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What would be a good book for non-parametric statistics. Not just the introduction but advanced level. Also I am looking at something I can use for learn and not for reference.

In particular I am looking for a book that can contain basics behind non-parameteric methods, non-parameter inference, methods to evaluate non parametrics, e.g., KS test, $t$ test, etc. , bootstrapping ....

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    $\begingroup$ Nonparametric statistics is a large field, but I'd guess All of Nonparametric Statistics by Larry Wassermann should be a reasonable starting point. I don't know if I would call it "advanced level" but he sketches the proofs of many of the results in the book. Topics include the bootstrap, smoothing techniques, density estimation, regression, and lots of other things. No nonparametric Bayes, however. $\endgroup$ – guy Mar 4 '13 at 21:41
  • $\begingroup$ I have checked that one out but its more like a reference book than learning material. No? $\endgroup$ – I J Mar 4 '13 at 22:42
  • $\begingroup$ I disagree, it should be fine for learning from. If I'm remembering correctly, he wrote it for people who hadn't seen nonparametric methods before, such computer science students he teaches. $\endgroup$ – guy Mar 4 '13 at 23:18
  • $\begingroup$ Are you looking for 'distribution free' stuff, or nonparametrics in the sense of "infinite parametric", whether it applies to distributions, relationships between variables or whatever else? For example, I can assume a linear relationship for $(Y|X=x)$ without a distributional assumption, or I can assume that $Y$ is normal and not assume the relationship with $X$ is anything but 'smooth'... both can be referred to as 'nonparametric', even though each is parametric in one aspect (if potentially infinite-parametric in another). $\endgroup$ – Glen_b -Reinstate Monica Mar 5 '13 at 0:50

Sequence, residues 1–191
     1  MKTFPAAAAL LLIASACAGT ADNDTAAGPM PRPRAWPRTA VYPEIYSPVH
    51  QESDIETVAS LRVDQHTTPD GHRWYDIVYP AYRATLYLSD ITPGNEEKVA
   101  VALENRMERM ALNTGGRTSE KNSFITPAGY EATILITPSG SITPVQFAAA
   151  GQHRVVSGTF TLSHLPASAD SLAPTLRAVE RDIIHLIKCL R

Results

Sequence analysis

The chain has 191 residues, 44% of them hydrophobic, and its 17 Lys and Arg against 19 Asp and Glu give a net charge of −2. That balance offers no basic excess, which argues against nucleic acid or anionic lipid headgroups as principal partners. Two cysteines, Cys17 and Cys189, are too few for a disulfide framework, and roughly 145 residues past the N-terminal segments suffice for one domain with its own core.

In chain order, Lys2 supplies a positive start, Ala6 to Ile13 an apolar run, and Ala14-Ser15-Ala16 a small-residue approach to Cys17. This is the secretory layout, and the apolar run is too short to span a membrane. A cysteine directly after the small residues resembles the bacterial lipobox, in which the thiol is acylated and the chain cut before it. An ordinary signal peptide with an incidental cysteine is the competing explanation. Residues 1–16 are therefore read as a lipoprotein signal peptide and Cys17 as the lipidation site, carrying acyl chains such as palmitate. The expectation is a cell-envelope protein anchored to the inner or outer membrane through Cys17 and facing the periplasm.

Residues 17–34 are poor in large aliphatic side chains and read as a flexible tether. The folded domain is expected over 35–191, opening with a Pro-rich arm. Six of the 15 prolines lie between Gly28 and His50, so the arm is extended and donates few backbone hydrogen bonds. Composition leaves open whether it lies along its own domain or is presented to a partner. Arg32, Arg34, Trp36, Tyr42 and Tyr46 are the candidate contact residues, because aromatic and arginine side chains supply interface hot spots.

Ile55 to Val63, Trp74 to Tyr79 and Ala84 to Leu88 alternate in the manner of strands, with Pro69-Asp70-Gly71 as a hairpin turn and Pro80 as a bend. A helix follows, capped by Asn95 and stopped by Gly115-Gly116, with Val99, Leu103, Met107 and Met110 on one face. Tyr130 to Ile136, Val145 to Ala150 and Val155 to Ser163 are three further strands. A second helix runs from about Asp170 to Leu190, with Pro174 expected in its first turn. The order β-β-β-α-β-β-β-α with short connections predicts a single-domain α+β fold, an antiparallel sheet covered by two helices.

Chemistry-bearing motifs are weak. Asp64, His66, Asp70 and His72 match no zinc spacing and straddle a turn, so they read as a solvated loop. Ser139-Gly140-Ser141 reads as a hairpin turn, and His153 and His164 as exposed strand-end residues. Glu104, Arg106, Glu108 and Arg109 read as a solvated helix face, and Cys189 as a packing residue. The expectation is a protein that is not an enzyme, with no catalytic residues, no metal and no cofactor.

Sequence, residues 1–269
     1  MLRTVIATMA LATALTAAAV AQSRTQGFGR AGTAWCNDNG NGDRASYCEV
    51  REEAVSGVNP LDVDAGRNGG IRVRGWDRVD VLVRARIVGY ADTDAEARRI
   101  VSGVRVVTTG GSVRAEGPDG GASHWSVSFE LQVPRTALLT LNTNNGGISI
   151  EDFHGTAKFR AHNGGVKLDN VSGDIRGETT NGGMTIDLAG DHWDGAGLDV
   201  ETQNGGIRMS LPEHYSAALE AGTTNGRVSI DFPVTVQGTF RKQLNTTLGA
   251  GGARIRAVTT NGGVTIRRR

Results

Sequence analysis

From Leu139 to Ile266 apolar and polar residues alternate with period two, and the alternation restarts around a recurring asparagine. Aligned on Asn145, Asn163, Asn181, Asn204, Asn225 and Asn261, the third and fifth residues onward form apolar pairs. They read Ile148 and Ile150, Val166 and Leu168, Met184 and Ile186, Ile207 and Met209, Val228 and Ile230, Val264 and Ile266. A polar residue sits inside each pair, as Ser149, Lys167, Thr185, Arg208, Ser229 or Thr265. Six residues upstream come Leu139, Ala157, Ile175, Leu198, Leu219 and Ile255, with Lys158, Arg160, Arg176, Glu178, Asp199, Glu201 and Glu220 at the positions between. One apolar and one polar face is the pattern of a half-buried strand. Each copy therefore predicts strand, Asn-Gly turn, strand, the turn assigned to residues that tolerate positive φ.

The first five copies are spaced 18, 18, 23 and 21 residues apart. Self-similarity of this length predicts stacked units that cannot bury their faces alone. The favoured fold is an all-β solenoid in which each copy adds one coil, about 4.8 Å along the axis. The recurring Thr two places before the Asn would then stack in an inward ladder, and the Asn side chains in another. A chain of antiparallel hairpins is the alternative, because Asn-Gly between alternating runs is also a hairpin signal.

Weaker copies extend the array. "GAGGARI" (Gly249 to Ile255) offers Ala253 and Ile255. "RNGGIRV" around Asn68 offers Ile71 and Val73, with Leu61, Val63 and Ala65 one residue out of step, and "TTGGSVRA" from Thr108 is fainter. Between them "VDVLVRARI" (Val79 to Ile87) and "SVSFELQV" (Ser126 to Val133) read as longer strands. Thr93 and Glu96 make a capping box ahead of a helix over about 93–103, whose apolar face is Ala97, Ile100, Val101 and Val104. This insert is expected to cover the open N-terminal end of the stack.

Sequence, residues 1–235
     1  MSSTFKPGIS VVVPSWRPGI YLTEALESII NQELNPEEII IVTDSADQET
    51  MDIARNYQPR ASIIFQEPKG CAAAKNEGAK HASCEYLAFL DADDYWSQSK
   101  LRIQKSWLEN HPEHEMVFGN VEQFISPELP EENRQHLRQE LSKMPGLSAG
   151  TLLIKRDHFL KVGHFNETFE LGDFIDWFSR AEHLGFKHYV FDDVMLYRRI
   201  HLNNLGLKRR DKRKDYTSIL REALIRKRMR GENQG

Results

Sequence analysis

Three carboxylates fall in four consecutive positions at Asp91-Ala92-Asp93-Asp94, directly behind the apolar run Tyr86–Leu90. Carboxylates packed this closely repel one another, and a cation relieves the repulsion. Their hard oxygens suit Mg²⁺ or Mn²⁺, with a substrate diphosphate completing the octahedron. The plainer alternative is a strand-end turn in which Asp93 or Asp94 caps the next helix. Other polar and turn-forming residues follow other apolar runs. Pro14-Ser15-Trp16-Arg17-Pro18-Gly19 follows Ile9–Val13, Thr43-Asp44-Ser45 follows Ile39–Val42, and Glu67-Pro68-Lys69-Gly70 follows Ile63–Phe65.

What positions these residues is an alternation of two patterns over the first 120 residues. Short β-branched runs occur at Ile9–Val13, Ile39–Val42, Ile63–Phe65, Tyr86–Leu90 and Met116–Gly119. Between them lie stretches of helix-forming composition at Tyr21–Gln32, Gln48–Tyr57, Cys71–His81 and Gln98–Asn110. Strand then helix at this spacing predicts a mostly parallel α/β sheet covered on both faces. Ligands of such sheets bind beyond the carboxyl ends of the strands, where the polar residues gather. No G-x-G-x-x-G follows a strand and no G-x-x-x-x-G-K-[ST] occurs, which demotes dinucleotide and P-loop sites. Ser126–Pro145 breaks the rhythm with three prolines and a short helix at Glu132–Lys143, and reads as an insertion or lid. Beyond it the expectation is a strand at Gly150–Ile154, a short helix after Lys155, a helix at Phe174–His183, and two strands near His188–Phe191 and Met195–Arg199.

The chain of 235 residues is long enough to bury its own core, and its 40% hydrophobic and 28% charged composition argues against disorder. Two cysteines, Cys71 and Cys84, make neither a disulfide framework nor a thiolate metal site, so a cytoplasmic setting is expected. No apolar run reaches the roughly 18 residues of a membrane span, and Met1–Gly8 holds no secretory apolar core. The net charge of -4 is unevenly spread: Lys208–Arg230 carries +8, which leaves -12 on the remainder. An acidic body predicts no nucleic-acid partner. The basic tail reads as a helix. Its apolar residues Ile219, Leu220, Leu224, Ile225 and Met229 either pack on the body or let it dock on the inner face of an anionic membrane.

• $\begingroup$ I am looking for distribution free stuff . $\endgroup$ – I J Mar 5 '13 at 3:02
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I think of the Encyclopaedia Britannica of nonparametric statistics as being:

I'm not sure if I would characterize this as introductory or advanced. Many of the sections are a bit terse, in my opinion, and are written with a good deal of mathematical notation. This will be intimidating / off-putting for people who have some math anxiety. On the other hand, it's not really deriving theorems, it's just using mathematical notation to express the ideas. There are some problems included at the end of each section; you could definitely use the book to learn nonparametric statistics.

For a treatment that is much more introductory:

will be much less intimidating, I think. I have skimmed some portions of it, and it seems to be a gentle introduction for people who don't have a strong statistical background. It is very clear, but does not have anything like the depth or coverage of Hollander & Wolfe.

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  • $\begingroup$ I don't have a recommendation for a book that focuses primarily on the mathematical theory behind nonparametric statistics. $\endgroup$ – gung - Reinstate Monica Apr 20 '13 at 3:57
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    $\begingroup$ In november 2013 the third edition of Hollander & Wolfe appeared and a corresponding GNU R package NSM3 is available. $\endgroup$ – Marcus Ritt Jun 26 '14 at 2:18
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You may want to check out this book. The title says it all ;) The reviews for the book are outstanding. I cannot tell for myself, since I have not read it yet. But it seems to have all the theoretical background you are looking for, plus it has also a focus on applications, i.e. it well help you to put those techniques into use quickly.

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    $\begingroup$ Provide the name of book in the answer, not only the link, please! :) $\endgroup$ – Ronie Mar 13 '18 at 1:38

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